No botox procedures will be allowed, but ayurvedic, chiropractic and osteopathic treatments will resume from June 2.
Details on the gradual resumption of healthcare services were released by the Ministry of Health (MOH) yesterday.
The ministry said the services will gradually resume in phases after the end of the circuit breaker period, in line with the reopening of the economy.
The current restrictions on hospital visitors will be eased slightly.
From June 2, visitors from up to two households will be allowed to visit loved ones in hospital. But a maximum of five visitors will be allowed to pre-register and only one person will be able to visit at a time.
Hospitals may introduce further measures to space out visits and avoid crowding, said the ministry.
In its statement, MOH listed the various services that will resume from June 2, but noted that services which alter appearances but do not cure or ameliorate diseases or illnesses will still be deferred. This means no Botox, fillers or threadlifts.
For hospital-based care, specialist outpatient services, medical procedures and allied health services for patients with higher needs will resume from June 2.
These include care that has already been deferred some months and cannot be postponed further without affecting the patient's outcome. Some examples would be surgery for visually significant or advanced cataracts, hearing implants in children, joint surgeries for patients with severe impairment, in-vitro fertilisation and diabetic foot screening.
Chronic disease management can resume as well, depending on medical necessity and available capacity among healthcare providers.
Preventive health services such as flu vaccines and pre-enlistment screenings will recommence.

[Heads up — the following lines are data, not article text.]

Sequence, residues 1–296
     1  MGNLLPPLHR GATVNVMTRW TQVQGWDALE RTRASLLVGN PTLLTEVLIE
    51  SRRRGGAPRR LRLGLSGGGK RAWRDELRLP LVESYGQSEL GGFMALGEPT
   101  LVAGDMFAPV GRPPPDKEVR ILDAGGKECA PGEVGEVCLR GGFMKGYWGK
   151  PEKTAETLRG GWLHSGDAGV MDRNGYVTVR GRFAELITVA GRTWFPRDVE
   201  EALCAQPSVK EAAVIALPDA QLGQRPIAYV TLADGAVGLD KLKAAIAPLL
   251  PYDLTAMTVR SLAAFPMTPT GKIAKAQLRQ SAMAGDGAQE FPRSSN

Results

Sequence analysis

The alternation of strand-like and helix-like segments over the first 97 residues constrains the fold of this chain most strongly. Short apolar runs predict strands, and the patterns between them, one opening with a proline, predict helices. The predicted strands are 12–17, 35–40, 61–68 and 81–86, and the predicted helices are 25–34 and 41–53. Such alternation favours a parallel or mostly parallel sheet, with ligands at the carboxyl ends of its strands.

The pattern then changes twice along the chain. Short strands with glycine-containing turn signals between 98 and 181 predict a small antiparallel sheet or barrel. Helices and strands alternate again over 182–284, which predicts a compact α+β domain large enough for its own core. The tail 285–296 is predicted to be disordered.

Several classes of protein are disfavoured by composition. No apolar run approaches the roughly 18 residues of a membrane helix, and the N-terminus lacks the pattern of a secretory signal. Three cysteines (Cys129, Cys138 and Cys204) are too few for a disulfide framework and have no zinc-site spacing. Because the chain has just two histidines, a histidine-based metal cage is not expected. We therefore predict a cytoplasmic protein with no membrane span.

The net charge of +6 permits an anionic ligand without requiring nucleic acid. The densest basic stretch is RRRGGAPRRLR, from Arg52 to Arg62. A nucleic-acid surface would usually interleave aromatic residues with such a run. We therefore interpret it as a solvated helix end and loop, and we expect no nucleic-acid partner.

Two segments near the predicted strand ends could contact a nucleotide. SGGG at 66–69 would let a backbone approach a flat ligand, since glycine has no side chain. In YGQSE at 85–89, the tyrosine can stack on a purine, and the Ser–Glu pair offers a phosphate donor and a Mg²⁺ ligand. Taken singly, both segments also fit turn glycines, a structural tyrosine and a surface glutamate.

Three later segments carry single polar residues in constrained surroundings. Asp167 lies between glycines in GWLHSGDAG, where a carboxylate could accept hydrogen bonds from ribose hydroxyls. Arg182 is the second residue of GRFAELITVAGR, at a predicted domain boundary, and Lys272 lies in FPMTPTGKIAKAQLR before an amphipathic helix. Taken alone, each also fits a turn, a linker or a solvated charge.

Dental procedures such as scaling and polishing, fillings, crowns, dentures and orthodontic treatment will also be allowed.
Community-based services with home visits will also be allowed for patients, though priority will be given to those with urgent needs.
Traditional Chinese medicine needle acupuncture can also resume for all conditions. Ayurvedic, chiropractic, osteopathic and other forms of traditional and complementary services for management of medical conditions and symptom relief are also allowed.
Healthcare providers will prioritise patients with more urgent medical needs first, even as services resume.
MOH said physical visits should still be minimised whenever possible as there is still a need to reduce the risk of community transmissions. Teleconsultation and medication delivery is preferred.
Collection of medications for continual management of existing medical conditions should be done on appointment basis as far as possible.
All healthcare staff will continue to wear masks, maintain good personal hygiene and ensure regular cleaning of activity equipment and shared spaces.
MOH said the multi-ministry task force will monitor daily infection rates. If community transmission rates remain low and stable and the dormitory situation remains under control, more services would resume in subsequent phases.
At a later phase, cancer screening and pre-employment medical screening may be allowed.
The ministry would also consider further easing visitor restrictions to allow more family and friends to visit those in hospital.